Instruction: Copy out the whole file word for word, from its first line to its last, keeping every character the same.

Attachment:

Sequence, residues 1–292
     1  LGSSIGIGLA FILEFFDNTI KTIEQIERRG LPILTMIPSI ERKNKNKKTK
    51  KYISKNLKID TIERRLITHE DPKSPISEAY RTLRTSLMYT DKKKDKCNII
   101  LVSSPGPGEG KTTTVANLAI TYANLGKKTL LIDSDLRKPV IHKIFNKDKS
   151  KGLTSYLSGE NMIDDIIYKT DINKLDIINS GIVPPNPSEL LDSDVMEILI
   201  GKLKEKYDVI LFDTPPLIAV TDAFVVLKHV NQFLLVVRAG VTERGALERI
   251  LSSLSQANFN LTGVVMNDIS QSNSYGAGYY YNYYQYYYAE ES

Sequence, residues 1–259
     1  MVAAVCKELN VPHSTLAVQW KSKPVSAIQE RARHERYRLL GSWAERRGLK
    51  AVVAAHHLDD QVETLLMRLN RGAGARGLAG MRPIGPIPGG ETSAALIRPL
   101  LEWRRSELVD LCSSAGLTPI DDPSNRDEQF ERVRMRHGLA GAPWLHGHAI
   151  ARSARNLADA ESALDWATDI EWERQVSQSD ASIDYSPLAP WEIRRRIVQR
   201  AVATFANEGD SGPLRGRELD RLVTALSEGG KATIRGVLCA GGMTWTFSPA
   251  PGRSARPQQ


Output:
Sequence, residues 1–292
     1  LGSSIGIGLA FILEFFDNTI KTIEQIERRG LPILTMIPSI ERKNKNKKTK
    51  KYISKNLKID TIERRLITHE DPKSPISEAY RTLRTSLMYT DKKKDKCNII
   101  LVSSPGPGEG KTTTVANLAI TYANLGKKTL LIDSDLRKPV IHKIFNKDKS
   151  KGLTSYLSGE NMIDDIIYKT DINKLDIINS GIVPPNPSEL LDSDVMEILI
   201  GKLKEKYDVI LFDTPPLIAV TDAFVVLKHV NQFLLVVRAG VTERGALERI
   251  LSSLSQANFN LTGVVMNDIS QSNSYGAGYY YNYYQYYYAE ES

Sequence, residues 1–259
     1  MVAAVCKELN VPHSTLAVQW KSKPVSAIQE RARHERYRLL GSWAERRGLK
    51  AVVAAHHLDD QVETLLMRLN RGAGARGLAG MRPIGPIPGG ETSAALIRPL
   101  LEWRRSELVD LCSSAGLTPI DDPSNRDEQF ERVRMRHGLA GAPWLHGHAI
   151  ARSARNLADA ESALDWATDI EWERQVSQSD ASIDYSPLAP WEIRRRIVQR
   201  AVATFANEGD SGPLRGRELD RLVTALSEGG KATIRGVLCA GGMTWTFSPA
   251  PGRSARPQQ